The staff are what helps make for such a casual atmosphere as there was always a friendly greeting or helpful suggestion at every interaction. In one case realising I’d forgotten to pack my smart phone charging cord and adapter plug asked at reception if there was one I could borrow thinking it was a long shot. The clerk dug around in the back room and brought one out that fit my Android phone and so I was able to used it the rest of my stay to recharge my phone which I use to take photos and videos in my travels. The small tech rescue was very much appreciated and seemed part of the hotel’s customer service focus.

My short stay at Ibsens flashed by all too quickly but came away grateful I’d experienced such an authentically local hotel as it’s sadly an all too rare encounter.

 

Flight Review: Icelandair

The mid-October blizzard that blanketed Edmonton making driving unnecessarily stressful couldn’t prevent me from weathering the storm to get to the airport to board my Icelandair flight to Copenhagen by way of Reykjavik I’d booked one sweltering summer day that seemed years and not mere months earlier.

While I braved the difficult conditions and arrived at Edmonton International Airport early the same could not be said of the inbound Icelandair aircraft which was delayed 30 minutes departing Reykjavik. When it was announced to the assembled passengers that a late arriving plane and not the adverse weather was the cause of the delay I couldn’t help a wry smile at the irony.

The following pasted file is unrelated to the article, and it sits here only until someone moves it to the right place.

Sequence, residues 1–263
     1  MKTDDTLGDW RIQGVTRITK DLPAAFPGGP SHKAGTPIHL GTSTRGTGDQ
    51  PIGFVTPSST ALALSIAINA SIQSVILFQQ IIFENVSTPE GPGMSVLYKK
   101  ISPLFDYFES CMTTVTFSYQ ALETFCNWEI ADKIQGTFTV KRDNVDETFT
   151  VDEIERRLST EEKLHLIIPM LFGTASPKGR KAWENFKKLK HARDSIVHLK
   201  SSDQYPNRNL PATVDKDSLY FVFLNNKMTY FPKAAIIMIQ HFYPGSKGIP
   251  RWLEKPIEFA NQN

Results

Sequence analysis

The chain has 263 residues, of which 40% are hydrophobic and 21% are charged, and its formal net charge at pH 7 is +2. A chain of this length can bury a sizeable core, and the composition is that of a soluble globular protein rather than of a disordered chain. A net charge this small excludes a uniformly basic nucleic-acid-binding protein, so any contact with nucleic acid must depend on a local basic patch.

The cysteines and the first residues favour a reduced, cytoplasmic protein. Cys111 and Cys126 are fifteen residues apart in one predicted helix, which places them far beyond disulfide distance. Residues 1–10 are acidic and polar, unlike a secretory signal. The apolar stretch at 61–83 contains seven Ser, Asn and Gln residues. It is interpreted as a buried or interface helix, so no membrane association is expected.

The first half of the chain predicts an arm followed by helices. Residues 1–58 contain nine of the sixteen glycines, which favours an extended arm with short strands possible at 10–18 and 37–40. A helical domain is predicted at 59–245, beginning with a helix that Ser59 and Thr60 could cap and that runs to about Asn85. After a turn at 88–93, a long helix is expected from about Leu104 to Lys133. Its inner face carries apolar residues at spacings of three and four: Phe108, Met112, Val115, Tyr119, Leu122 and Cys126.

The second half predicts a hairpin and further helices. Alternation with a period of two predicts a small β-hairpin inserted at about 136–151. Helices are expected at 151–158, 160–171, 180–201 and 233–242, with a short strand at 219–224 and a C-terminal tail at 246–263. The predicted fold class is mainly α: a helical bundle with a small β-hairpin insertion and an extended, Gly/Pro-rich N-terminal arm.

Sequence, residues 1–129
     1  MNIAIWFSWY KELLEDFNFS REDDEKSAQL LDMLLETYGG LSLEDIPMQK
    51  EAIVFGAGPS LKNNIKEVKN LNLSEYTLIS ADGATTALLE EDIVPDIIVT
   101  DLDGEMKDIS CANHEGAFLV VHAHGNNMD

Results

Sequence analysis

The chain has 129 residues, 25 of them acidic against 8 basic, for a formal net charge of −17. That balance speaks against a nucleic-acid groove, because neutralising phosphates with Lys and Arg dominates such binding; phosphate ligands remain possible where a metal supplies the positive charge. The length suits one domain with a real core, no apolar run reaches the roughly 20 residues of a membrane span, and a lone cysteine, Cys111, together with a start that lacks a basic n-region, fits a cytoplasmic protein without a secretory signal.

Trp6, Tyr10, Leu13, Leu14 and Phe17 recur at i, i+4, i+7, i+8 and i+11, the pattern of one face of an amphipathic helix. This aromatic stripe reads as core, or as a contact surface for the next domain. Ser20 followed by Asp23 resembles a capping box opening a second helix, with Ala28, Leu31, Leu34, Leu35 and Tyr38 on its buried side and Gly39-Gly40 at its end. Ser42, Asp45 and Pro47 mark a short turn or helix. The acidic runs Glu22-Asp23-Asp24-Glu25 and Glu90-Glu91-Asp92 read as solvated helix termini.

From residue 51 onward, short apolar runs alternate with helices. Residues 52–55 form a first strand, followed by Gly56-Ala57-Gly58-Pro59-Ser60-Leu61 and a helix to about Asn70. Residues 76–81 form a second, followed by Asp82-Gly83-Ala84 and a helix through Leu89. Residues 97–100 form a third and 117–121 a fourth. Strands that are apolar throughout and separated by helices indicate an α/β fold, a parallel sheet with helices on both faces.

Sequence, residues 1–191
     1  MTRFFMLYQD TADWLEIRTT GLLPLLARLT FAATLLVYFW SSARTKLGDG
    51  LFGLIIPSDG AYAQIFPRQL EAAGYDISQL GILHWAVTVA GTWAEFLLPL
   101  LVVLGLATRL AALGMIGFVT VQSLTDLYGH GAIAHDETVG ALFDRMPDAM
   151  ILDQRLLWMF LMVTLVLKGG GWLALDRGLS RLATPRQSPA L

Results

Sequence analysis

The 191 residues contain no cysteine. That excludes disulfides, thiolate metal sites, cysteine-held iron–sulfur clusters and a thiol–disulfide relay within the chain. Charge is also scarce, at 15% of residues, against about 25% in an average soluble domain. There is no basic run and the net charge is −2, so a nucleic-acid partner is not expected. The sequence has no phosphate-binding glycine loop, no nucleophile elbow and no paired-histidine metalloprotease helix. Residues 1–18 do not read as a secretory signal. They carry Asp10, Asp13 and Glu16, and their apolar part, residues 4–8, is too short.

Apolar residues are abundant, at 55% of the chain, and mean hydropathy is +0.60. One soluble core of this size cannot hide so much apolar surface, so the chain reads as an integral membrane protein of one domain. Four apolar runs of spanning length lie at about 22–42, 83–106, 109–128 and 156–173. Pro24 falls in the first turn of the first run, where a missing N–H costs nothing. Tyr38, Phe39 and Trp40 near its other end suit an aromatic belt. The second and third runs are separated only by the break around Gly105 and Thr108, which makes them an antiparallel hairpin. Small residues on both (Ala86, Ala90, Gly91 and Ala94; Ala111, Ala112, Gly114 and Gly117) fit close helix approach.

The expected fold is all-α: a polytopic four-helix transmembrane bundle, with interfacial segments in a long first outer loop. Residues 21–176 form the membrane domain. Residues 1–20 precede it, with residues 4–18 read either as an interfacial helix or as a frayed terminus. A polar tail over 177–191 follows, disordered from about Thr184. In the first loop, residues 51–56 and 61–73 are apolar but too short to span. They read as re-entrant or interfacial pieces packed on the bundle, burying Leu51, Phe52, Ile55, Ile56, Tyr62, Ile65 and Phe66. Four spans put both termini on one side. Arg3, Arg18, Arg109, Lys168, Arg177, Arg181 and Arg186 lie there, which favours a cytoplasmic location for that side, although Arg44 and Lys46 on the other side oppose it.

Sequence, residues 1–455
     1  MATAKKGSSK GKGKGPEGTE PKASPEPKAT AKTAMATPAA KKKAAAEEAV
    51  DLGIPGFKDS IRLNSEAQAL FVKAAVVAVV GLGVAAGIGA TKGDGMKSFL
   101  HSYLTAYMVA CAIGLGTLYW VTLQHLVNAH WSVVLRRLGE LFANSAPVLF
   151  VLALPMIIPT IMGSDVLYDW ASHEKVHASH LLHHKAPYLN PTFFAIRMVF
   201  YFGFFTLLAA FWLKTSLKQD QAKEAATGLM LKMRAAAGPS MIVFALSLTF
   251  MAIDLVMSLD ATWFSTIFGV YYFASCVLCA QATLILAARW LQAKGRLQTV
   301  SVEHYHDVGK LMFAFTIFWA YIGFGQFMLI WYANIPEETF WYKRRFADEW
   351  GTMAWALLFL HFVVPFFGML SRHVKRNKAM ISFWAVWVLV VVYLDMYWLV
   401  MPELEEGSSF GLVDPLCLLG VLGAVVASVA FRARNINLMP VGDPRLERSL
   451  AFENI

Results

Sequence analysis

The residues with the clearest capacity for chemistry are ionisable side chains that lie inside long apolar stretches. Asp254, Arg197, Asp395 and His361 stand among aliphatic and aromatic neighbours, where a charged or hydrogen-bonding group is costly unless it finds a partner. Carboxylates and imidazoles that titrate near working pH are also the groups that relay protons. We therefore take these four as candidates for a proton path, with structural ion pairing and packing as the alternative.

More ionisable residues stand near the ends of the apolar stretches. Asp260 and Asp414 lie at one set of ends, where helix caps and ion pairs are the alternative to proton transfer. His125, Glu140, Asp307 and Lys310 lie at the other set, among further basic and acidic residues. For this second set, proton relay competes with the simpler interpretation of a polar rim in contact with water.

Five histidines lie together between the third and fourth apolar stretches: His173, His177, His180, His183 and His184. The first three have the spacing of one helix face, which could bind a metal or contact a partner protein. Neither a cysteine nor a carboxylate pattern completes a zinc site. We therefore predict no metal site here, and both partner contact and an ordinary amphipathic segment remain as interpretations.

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Once fully boarded and after enduring a short detour through the airport de-icing station we took off an hour later than scheduled putting my original 65 minute connection in jeopardy. The crew did apologize several times for the delay and the captain noted a tailwind would help us gain back some of the lost time so should allow those of us with razor thin connections to just make it. Knowing there was a later day flight to Copenhagen if I did miss my connection and being unable to control a thing sat back in my economy window seat for the six-and-a-half hour overnight flight to Reykjavik.
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Icelandair’s stalwart Boeing 757 aircraft are configured with three classes of service: a business class cabin called Saga Class that features many extra service perks and a comfortable if not world-class lie-flat seat, an upgraded economy seat branded  Economy Comfort with a few more inches of legroom and the center seat converted as a console similar to WestJet’s Plus seats on its Boeing 737 aircraft and the standard economy seats I was travelling in. There’s a video overview of all three classes of service here and these will remain even as the airline introduces larger Boeing 767 and new Boeing 737 aircraft into its fleet over the next five years. I couldn’t resist snapping a photo of the Economy Comfort seats as economy passengers are paraded past them upon boarding.